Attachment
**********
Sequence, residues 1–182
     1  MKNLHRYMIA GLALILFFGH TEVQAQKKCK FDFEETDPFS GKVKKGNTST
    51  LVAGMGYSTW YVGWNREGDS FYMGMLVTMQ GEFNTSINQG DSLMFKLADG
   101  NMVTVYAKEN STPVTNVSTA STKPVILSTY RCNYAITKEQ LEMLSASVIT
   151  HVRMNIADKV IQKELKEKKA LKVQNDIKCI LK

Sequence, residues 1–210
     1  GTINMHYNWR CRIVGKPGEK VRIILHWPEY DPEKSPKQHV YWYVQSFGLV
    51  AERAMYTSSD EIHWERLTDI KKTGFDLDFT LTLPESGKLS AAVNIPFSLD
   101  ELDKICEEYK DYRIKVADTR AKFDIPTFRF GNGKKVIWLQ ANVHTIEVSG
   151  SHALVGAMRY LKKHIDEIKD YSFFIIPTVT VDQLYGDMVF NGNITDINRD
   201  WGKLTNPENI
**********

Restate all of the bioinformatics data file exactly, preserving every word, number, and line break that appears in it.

Sequence, residues 1–182
     1  MKNLHRYMIA GLALILFFGH TEVQAQKKCK FDFEETDPFS GKVKKGNTST
    51  LVAGMGYSTW YVGWNREGDS FYMGMLVTMQ GEFNTSINQG DSLMFKLADG
   101  NMVTVYAKEN STPVTNVSTA STKPVILSTY RCNYAITKEQ LEMLSASVIT
   151  HVRMNIADKV IQKELKEKKA LKVQNDIKCI LK

Sequence, residues 1–210
     1  GTINMHYNWR CRIVGKPGEK VRIILHWPEY DPEKSPKQHV YWYVQSFGLV
    51  AERAMYTSSD EIHWERLTDI KKTGFDLDFT LTLPESGKLS AAVNIPFSLD
   101  ELDKICEEYK DYRIKVADTR AKFDIPTFRF GNGKKVIWLQ ANVHTIEVSG
   151  SHALVGAMRY LKKHIDEIKD YSFFIIPTVT VDQLYGDMVF NGNITDINRD
   201  WGKLTNPENI